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Take a Chance on Andre Drummond in the 2012 Draft

NEW YORK, NY - MARCH 06:  Andre Drummond #12 of the Connecticut Huskies in action against the DePaul Blue Demons during their first round game of the 2012 Big East Men's Basketball Tournament at Madison Square Garden on March 6, 2012 in New York City.  (Photo by Jim McIsaac/Getty Images)
Jim McIsaac/Getty Images
Ethan Sherwood StraussNBA Lead WriterJune 26, 2012

He's a bust already, before his first game. People are betting against Andre Drummond, the massive UConn big man who disappointed in his one-and-done year. Before last season, many thought him to be the No. 1 pick, ahead of Anthony Davis. In Chad Ford's most recent ESPN mock draft, Drummond has fallen to No. 7

He's chased down the draft board by the draft ghosts of Hasheem Thabeet and Greg Oden. It's understandable and unfair all at once. 

Drummond is 18 years old, 6'10" in socks, and 280 lbs. He's bigger than Dwight Howard, right down to the the 7'6" wingspan. Though his freshman year disappointed, it wasn't so bad. Drummond blocked 2.7 shots per game, and blocks are an especially important indicator in projecting NBA-ready athleticism (see: John Hollinger's draft roster).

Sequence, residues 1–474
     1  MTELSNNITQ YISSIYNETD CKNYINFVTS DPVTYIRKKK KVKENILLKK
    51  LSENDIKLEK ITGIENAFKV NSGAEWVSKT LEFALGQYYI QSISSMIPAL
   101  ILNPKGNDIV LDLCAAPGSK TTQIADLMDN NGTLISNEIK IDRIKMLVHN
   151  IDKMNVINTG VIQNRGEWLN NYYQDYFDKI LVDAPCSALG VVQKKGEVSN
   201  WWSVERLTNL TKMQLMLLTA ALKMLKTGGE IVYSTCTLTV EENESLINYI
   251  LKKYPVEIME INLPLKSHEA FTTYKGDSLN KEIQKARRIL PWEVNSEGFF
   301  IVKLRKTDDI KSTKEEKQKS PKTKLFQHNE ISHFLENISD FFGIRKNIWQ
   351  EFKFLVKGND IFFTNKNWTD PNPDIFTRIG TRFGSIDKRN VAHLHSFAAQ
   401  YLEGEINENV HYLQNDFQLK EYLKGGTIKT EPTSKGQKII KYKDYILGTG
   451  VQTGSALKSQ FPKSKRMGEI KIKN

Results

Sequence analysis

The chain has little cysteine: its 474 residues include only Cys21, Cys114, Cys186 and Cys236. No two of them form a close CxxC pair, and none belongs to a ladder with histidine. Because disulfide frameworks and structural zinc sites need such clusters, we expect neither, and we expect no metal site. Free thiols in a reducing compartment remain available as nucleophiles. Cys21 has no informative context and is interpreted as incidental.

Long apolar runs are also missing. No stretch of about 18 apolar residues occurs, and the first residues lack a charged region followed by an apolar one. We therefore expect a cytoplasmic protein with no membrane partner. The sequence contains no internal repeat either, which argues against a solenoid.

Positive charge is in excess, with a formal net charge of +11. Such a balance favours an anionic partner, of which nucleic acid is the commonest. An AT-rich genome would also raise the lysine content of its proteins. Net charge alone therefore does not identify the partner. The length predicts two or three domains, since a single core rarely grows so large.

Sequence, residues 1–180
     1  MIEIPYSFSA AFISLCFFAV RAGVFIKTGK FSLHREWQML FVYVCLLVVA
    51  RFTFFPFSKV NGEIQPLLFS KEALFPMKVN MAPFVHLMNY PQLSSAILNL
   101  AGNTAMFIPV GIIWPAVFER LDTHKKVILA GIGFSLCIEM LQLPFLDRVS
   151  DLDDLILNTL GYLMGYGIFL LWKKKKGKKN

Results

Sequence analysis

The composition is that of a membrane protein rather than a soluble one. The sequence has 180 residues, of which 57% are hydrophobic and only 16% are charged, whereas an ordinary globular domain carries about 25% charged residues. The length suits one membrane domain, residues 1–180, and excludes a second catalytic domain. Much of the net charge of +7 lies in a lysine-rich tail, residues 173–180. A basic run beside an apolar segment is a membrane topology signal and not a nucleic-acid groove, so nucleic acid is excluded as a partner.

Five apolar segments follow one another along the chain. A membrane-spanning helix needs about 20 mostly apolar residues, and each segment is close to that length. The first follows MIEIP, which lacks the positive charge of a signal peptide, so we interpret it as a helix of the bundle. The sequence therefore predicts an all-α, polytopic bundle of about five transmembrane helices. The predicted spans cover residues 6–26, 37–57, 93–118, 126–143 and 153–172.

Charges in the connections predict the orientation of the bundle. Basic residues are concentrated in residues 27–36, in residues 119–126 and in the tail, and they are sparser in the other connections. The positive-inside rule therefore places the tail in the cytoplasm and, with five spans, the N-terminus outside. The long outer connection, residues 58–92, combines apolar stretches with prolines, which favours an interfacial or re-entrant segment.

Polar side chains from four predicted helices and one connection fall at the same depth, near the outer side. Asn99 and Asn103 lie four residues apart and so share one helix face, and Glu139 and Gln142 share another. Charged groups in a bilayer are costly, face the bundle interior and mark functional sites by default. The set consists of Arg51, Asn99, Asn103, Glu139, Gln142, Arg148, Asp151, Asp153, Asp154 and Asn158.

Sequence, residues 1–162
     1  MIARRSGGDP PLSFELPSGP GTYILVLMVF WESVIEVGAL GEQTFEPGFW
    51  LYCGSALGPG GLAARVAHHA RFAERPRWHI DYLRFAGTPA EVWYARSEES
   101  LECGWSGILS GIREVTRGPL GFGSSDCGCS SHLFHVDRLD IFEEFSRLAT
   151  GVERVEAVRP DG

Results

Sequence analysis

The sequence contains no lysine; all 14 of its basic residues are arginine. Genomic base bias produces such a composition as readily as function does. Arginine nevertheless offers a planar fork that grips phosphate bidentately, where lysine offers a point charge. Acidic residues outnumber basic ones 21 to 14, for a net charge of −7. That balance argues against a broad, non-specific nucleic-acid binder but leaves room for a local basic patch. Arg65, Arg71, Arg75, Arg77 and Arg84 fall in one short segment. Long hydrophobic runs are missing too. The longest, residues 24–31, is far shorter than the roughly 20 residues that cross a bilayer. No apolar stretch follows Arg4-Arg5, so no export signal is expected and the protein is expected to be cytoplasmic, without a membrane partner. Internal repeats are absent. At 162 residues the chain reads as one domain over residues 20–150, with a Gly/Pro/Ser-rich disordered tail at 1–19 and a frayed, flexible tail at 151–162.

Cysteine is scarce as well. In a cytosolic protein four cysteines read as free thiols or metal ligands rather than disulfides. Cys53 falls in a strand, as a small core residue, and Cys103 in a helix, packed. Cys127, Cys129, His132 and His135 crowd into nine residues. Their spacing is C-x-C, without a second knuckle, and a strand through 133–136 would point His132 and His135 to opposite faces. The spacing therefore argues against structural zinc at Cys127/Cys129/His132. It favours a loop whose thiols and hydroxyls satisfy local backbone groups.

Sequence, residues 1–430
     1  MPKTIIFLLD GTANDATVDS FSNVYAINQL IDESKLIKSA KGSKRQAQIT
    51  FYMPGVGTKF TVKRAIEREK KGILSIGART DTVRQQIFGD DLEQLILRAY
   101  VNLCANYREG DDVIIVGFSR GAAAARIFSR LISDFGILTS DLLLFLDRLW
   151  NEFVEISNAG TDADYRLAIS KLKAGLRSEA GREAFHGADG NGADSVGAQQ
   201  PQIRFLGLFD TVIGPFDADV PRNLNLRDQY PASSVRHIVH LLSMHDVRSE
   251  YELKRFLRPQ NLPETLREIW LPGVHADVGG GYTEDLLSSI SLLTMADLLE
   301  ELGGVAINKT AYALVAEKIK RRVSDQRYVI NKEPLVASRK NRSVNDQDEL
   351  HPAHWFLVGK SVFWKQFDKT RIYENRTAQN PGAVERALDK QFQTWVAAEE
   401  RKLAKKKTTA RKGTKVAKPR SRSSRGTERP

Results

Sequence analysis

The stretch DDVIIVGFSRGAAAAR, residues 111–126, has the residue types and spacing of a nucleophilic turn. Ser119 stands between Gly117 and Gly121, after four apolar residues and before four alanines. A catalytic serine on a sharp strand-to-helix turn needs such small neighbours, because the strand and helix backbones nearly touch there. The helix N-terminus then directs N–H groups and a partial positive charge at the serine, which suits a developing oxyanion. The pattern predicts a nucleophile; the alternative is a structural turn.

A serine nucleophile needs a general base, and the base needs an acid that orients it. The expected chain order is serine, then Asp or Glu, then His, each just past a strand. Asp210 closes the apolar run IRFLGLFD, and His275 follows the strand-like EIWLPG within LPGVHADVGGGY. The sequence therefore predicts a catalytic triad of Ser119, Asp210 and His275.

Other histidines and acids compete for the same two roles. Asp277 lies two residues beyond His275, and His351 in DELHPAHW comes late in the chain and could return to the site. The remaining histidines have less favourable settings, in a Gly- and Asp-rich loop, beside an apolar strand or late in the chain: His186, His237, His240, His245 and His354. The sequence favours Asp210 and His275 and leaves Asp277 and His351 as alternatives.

Perhaps you saw Drummond's one miserable game in the NCAA tourney and became convinced that he'll never amount to much. But take his age into consideration before making such sweeping judgments. Damon Lillard, the guy zooming ahead of Drummond on many draft boards, is three years older and played against far worse competition at Weber St.

Andre Drummond has also made strides between the end of the college season and today. ESPN's Henry Abbott noted that the kid has lost a lot of weight since he last played a nationally televised game. As Kevin Love might attest to, fat is untapped potential in disguise.

An in-shape Drummond registered only seven percent body fat at the draft combine. While this is fairly standard for a basketball player, what's highly unusual is that percentage combined with the aforementioned 280 lbs. The guy is a physical specimen, with hops to spare.

So, in a relatively uninspiring field after Anthony Davis, why not take a risk on Andre Drummond? The league is not teeming with large, shot-blocking bigs. In free agency, the ancient Marcus Camby should be able to command a decent salary just based on that one skill. Also, if you take Drummond, you might just get to see a behind-the-free-throw-line dunk. 

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